So what about us?  What does our baptism mean?  For many of us, it was a ritual that took place many years ago, when we were infants, and we probably don’t remember it. For some of us, it was a choice we made for ourselves as adults. The catechism of the Episcopal Church teaches that “Holy Baptism is the sacrament by which God adopts us as his children, and makes us members of Christ’s Body, the Church, and inheritors of the Kingdom of God.”  God in his graciousness offers us the gift of restored relationship with him through Christ.  What is required of us is that we turn to God in repentance and faith and “put our whole trust in his grace and love.”   This sacrament is for adults who can make a commitment to follow Christ, and for infants and children, who are welcomed into the family of God by those who promise to teach them the faith and nurture them in the way of Jesus.  So baptism is both the sacrament of God’s cleansing and transformation, as well as our response to the unconditional love that is offered to us.

Baptism is also our sharing in the mystery of Christ’s death and  ressurrection.  In Romans 6:3, Paul asks his hearers: “Do you not know that all of us who have been baptized into Christ Jesus were baptized into his death?  That’s actually kind of scary, if you think about it! Baptism isn’t a cheerful ceremony where we are sprinkled with a bit of water and then there is a celebration afterward.  Baptism costs us our very life.  It is an immersion into the way of the Cross, the way Jesus walked, where the love of God is at the center of everything and we are willing to walk the way of sacrifice to live always in the way of love, justice, and mercy.  In baptism, the glorious mystery of the life, death, and resurrection of Jesus Christ becomes our mystery, our journey. In the waters of baptism we die to the old way of life where our own ego and its limited vision rule us, and enter into the spacious freedom of a life centered in Christ. In the waters of baptism, we share with Christ in his sacrificial life of love, service, compassion, and grace, and we are raised from sin and death into new and abundant life, both now, and in the world to come.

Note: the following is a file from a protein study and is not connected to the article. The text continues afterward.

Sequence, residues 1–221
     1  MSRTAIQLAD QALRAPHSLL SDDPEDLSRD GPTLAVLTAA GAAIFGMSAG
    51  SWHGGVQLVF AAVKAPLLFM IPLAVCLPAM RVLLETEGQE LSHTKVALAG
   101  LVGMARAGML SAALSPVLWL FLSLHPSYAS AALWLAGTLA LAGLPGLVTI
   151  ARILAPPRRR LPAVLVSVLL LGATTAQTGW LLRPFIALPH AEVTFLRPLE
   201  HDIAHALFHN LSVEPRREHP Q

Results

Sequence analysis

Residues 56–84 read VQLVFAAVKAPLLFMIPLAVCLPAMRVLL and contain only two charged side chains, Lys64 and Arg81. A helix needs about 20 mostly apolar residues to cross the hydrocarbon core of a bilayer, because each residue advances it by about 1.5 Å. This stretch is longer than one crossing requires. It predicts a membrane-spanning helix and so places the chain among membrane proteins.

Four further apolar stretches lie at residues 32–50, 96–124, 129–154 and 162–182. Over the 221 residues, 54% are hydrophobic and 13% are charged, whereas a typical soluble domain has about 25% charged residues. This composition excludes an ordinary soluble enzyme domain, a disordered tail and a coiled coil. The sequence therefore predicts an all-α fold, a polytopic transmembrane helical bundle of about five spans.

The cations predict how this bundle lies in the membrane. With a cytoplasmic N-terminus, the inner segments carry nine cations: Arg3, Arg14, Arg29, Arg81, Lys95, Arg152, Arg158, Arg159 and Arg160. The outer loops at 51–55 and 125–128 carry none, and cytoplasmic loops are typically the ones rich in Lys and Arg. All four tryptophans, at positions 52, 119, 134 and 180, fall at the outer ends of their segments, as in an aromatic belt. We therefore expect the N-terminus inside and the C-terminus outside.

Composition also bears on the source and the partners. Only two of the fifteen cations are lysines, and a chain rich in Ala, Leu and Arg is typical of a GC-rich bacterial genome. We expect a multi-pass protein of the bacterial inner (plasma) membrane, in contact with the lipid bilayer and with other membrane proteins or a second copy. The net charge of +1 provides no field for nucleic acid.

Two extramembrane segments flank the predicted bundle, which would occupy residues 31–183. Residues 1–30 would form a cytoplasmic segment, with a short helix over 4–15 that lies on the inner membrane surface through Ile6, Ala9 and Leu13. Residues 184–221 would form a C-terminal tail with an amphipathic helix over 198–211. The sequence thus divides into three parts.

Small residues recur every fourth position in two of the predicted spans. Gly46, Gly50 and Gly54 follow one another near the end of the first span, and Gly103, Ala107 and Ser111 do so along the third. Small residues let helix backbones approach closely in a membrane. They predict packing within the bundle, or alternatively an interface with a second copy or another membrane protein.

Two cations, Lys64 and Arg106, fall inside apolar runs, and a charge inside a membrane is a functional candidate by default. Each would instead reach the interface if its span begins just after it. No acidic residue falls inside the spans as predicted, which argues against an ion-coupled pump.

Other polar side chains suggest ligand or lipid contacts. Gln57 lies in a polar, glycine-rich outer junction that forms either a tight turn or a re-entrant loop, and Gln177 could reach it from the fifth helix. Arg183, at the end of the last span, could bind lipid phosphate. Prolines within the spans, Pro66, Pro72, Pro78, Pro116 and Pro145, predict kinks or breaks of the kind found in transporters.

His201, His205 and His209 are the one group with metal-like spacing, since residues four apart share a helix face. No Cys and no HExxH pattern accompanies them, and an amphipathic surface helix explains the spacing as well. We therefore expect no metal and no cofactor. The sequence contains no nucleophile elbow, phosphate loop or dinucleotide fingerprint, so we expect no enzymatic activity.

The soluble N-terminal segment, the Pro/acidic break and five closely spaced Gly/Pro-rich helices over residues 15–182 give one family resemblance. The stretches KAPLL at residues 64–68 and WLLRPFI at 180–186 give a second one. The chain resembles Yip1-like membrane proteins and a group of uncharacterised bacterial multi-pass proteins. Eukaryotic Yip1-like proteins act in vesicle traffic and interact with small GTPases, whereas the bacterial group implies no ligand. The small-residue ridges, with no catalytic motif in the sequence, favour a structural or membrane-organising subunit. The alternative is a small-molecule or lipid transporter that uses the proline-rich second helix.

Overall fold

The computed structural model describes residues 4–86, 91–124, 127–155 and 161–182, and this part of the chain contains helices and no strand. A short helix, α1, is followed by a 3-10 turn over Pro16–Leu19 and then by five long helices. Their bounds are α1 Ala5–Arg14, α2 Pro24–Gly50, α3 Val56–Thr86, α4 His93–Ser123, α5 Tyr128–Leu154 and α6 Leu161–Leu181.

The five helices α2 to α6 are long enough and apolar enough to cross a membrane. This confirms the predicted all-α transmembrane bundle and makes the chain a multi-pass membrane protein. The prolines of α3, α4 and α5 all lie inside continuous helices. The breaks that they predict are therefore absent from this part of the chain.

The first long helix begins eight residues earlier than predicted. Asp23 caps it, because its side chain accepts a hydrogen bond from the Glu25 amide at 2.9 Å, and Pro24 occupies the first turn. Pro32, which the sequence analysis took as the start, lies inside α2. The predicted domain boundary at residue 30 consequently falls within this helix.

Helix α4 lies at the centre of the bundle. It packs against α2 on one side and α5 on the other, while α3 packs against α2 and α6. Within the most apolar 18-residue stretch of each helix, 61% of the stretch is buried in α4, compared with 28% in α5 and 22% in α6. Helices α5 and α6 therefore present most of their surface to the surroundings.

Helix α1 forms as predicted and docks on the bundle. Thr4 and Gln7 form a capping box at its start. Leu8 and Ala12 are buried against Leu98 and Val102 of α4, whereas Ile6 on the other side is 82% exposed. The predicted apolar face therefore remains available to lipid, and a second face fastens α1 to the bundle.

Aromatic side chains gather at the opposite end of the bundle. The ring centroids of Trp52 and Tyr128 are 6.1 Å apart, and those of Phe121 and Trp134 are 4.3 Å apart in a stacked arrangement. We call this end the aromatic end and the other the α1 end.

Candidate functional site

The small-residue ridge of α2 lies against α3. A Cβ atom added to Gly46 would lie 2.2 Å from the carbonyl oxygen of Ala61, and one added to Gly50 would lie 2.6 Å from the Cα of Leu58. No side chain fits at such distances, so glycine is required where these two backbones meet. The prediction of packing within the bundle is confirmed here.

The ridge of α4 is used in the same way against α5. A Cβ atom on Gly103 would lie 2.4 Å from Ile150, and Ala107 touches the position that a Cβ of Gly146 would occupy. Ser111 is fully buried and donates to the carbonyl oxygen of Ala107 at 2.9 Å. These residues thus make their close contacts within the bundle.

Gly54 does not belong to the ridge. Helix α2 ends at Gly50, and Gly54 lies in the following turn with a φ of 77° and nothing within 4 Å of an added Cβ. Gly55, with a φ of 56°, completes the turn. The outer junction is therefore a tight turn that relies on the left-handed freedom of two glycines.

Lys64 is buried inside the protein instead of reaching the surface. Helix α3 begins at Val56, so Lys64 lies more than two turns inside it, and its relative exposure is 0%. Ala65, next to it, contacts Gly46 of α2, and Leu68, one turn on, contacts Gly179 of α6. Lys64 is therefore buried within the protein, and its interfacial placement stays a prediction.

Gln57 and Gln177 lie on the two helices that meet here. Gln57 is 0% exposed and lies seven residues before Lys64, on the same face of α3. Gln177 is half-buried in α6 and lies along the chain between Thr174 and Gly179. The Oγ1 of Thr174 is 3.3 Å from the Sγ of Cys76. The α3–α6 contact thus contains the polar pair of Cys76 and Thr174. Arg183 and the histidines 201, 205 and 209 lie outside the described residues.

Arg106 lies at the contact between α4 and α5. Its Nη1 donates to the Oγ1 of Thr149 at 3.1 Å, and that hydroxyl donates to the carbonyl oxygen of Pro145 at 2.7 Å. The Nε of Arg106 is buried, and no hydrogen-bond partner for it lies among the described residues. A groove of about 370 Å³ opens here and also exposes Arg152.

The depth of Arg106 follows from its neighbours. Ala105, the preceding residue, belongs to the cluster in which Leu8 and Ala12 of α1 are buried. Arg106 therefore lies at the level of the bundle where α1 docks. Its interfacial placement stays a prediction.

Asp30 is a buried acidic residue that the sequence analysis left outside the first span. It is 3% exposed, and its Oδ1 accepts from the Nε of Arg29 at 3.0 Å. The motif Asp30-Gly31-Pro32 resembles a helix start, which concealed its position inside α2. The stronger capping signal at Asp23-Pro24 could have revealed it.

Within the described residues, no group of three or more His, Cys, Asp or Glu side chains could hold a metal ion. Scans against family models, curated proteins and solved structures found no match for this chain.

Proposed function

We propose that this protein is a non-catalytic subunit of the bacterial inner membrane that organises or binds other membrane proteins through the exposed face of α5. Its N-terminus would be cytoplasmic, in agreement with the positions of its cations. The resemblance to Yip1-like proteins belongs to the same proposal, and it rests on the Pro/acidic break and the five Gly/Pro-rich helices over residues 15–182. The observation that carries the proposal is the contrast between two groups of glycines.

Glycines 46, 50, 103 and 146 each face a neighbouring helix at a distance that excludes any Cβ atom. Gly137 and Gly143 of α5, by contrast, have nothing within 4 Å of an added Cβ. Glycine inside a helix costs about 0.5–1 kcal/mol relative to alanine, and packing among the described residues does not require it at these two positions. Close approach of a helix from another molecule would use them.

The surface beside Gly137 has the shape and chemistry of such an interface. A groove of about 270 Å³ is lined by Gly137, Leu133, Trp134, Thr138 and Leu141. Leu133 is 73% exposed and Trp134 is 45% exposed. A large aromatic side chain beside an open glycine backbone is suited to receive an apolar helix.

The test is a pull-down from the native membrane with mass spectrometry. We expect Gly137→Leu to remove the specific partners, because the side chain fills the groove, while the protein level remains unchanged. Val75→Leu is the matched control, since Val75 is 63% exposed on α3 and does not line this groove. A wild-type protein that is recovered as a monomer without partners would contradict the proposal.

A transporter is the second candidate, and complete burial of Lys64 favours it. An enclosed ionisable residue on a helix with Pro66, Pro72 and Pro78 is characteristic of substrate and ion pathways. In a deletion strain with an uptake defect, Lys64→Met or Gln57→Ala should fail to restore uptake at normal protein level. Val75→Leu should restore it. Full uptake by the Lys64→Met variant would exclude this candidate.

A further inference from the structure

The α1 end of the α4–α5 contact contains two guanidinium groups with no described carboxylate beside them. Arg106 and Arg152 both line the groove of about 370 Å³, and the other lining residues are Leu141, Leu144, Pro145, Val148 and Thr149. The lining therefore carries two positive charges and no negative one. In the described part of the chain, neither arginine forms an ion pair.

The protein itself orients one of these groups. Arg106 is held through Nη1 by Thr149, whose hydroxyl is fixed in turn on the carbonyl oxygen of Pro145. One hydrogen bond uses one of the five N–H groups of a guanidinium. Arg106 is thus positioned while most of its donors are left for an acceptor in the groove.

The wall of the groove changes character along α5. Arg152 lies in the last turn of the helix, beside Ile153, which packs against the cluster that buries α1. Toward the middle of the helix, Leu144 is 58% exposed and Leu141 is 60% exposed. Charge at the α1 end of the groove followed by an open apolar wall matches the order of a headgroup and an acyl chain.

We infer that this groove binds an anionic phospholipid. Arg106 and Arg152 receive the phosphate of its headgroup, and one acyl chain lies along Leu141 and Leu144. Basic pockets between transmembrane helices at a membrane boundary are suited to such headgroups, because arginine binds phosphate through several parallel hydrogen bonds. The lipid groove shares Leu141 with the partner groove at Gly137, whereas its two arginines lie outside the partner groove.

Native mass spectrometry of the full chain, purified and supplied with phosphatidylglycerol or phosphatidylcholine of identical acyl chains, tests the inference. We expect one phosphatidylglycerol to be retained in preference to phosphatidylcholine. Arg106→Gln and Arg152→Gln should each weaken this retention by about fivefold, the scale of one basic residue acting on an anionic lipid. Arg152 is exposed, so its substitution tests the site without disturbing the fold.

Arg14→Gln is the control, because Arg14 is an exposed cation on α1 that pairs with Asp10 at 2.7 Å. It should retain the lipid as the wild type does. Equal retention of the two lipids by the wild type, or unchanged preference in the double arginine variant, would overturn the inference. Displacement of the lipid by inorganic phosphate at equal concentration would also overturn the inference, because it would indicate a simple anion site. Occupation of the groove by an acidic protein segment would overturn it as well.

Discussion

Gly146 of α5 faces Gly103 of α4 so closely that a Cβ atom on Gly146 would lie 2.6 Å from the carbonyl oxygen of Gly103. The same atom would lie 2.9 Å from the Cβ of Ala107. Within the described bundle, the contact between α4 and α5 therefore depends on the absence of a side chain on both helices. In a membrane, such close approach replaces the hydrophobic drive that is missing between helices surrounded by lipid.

Finally, baptism is our commissioning to work as bearers of the Kingdom of God.  It is, in a sense, the ordination of every Christian to ministry.  Did you know that you are all ministers of the Gospel?  Those of us who have been ordained priests and deacons and stand up here in vestments aren’t the only, or the most important ministers of the Gospel.  You, the gathered people of God, are also called, as the priesthood of all believers, to share the good news of the Gospel with the world.  Without you, Christ can’t be known! You are the light of the world and the salt of the earth. That is your call in your baptism!  Look at Jacob, who is about to be baptized here today.  He is the newest minister in the body of Christ, and in a few minutes we will promise to raise him in the Christian faith and life and to support him in his ministry.  Friends, I also say to you that because of the covenant we made in baptism, we are to support and nurture each other in the Christian faith and life as we seek to grow in Christ and share the Gospel with the world.  For in baptism, we not only receive the grace of regeneration and renewal in Christ, we also commit ourselves to living the life he did, of “continuing in the apostles’ teaching and fellowship, the breaking of bread and in the prayers,” to working for justice and human dignity, to care for each other and the earth, and to never forget our constant need of grace and forgivness. In baptism, we respond body, soul, heart, and  mind to Jesus’ invitation, come follow me.

So welcome into the household of God, Jacob!  Pray for us, too, and by your life may you reflect the glory and beauty of our Lord Jesus Christ forever. Amen.